Nov 17, 2021Potato wart detected in PEI fields, seed suspended to US
The Canadian Food Inspection Agency (CFIA) recently reported the detection of potato wart in two fields where potatoes were being grown for processing. While CFIA indicates that the potatoes did not leave the island, it announced it has suspended the export of seed potatoes from PEI to the United States.
On Nov. 5, USDA’s Animal Plant Health Inspection Service (APHIS) hosted a call with the National Potato Council, Potatoes USA and the state potato organizations to talk through its joint efforts with CFIA to determine if further restrictions are needed.
“We appreciate the efforts of APHIS to limit the spread of potato wart beyond PEI,” said NPC President Dominic LaJoie, potato grower from Maine. “We can see Canada from our farm, so this issue hits very close to home. We have communicated our concerns that repeated detections of potato wart in PEI shows the disease situation is not under control with the current management plan that’s in place. We have urged USDA to push CFIA to expand these measures by voluntarily suspending all PEI potato exports to the U.S., restricting the movement of PEI potatoes within Canada to prevent inadvertent disease transmission, and restricting equipment from crossing into the United States.”
White House hunger conference expected next year
On Nov. 2, the U.S. Senate Agriculture Subcommittee on Food and Nutrition, Specialty Crops, Organics, and Research hosted a hearing on the “State of Nutrition in America 2021.” During the event, Chairman Booker and Ranking Member Braun recommended moving forward with a bipartisan, bicameral bill that would convene a second national White House Conference on Food, Nutrition, Hunger and Health.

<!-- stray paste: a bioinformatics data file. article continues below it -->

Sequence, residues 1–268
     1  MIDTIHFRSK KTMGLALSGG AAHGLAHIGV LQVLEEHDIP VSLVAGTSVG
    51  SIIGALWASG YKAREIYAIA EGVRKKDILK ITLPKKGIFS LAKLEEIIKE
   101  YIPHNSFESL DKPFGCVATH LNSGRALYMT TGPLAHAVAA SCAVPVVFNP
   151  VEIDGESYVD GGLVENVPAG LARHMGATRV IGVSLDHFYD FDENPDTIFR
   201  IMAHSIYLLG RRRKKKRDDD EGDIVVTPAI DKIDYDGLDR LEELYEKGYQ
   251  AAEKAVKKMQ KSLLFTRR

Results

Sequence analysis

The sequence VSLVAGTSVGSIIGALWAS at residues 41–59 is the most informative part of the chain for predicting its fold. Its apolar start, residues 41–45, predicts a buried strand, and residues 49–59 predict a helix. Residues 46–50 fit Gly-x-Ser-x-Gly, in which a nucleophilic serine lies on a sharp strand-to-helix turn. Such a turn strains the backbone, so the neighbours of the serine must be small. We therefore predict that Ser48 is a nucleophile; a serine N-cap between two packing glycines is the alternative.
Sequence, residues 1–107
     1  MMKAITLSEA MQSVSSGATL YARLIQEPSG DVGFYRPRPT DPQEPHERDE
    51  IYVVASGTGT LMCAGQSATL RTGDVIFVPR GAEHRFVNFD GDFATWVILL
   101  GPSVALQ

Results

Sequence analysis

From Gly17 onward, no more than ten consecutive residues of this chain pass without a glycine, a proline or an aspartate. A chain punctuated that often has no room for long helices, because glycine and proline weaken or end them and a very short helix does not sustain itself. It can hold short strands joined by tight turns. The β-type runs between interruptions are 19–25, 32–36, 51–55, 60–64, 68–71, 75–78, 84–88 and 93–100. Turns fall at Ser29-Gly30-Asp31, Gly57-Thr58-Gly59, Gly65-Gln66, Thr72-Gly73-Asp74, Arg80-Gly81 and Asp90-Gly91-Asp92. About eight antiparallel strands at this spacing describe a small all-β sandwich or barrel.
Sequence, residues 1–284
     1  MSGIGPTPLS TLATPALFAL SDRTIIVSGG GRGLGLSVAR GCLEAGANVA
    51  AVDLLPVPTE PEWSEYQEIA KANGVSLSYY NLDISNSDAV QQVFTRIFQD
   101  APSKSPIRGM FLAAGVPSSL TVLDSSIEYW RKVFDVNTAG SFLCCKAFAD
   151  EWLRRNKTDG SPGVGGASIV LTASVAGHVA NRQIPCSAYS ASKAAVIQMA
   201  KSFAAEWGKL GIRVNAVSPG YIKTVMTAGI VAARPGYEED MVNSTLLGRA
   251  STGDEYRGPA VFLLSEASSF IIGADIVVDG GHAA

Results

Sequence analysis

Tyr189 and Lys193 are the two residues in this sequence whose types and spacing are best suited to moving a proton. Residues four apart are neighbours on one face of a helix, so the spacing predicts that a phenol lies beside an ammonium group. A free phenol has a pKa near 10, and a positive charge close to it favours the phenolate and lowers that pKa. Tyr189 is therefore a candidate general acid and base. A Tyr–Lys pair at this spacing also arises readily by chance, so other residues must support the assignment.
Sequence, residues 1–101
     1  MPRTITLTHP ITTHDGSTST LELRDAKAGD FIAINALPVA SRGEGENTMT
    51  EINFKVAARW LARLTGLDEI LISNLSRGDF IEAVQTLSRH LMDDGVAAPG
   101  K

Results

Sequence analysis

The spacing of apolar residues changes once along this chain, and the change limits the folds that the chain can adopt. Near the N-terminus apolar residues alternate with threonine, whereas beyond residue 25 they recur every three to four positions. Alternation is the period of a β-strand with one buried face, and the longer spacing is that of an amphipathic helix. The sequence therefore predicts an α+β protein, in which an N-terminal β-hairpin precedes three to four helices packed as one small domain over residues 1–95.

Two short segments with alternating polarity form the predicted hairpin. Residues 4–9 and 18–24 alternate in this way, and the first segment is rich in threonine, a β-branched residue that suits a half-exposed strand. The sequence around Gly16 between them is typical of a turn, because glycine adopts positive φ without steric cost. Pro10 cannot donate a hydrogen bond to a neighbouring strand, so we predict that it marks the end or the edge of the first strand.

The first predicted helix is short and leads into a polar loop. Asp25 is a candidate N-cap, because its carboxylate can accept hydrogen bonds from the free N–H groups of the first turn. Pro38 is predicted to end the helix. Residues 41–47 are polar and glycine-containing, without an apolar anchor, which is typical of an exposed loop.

The last such conference, which was convened in 1969 by President Richard Nixon, led to significant changes in federal nutrition policy, including the eventual creation of the Supplemental Nutrition Assistance Program and the Supplemental Nutrition Program for Women Infants and Children. It also developed a formalized federal approach to the nutrition of the nation’s school lunches.
During the subcommittee hearing, witnesses outlined possible solutions to improve nutrition in America, including coordinating federal food policies, leveraging “food is medicine” initiatives, decreasing the marketing of processed foods, subsidizing healthy foods, and strengthening federal nutrition programs.
Expo sessions to tackle rising prices
Potato Expo 2022, Jan. 5-6 in Anaheim, will feature two sessions focusing on rising prices and volatility in inputs.
Live Eye On Potatoes Podcast Recording: Inflation Forecast — How Will Rising Prices Impact the Industry? Consolidation of the supply chain, weather events, port congestion, along with fiscal and trade policies are all having inflationary impacts on the potato supply chain. Gain insight around these factors and what they will mean to the 2022 crop season.
Volatility In Inputs — 2022 Production Cost Forecast: Using modeling that includes the use of historical potato prices and input costs, you won’t want to miss hearing about profitability forecasts and probability scenarios to understand the impact of volatile input prices on potato production for the coming year.
Both sessions will feature Pat Hatzenbuehler, Ph.D., Assistant Professor and Extension Specialist, Department of Agricultural Economics and Rural Sociology at the University of Idaho. An award-winning scholar, Hatzenbuehler will discuss how his evidence-based research and extension work on agricultural commodity markets helps him forecast this volatile market.
PLEAF auction bidding starts Dec. 1
Biding starts next month for the Potato Expo 2022 silent auction to benefit the Potato Leadership, Education, and Advancement Foundation (Potato LEAF).
Interested in donating items to benefit the industry’s leadership development efforts? Potato LEAF is accepting donations through Nov. 30. Click here to learn more.
— National Potato Council